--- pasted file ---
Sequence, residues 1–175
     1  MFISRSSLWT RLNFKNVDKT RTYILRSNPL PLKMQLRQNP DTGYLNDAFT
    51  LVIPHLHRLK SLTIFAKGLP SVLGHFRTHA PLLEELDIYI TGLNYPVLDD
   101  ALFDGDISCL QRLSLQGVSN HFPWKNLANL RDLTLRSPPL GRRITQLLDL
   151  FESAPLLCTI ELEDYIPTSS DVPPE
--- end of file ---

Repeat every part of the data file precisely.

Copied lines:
Sequence, residues 1–175
     1  MFISRSSLWT RLNFKNVDKT RTYILRSNPL PLKMQLRQNP DTGYLNDAFT
    51  LVIPHLHRLK SLTIFAKGLP SVLGHFRTHA PLLEELDIYI TGLNYPVLDD
   101  ALFDGDISCL QRLSLQGVSN HFPWKNLANL RDLTLRSPPL GRRITQLLDL
   151  FESAPLLCTI ELEDYIPTSS DVPPE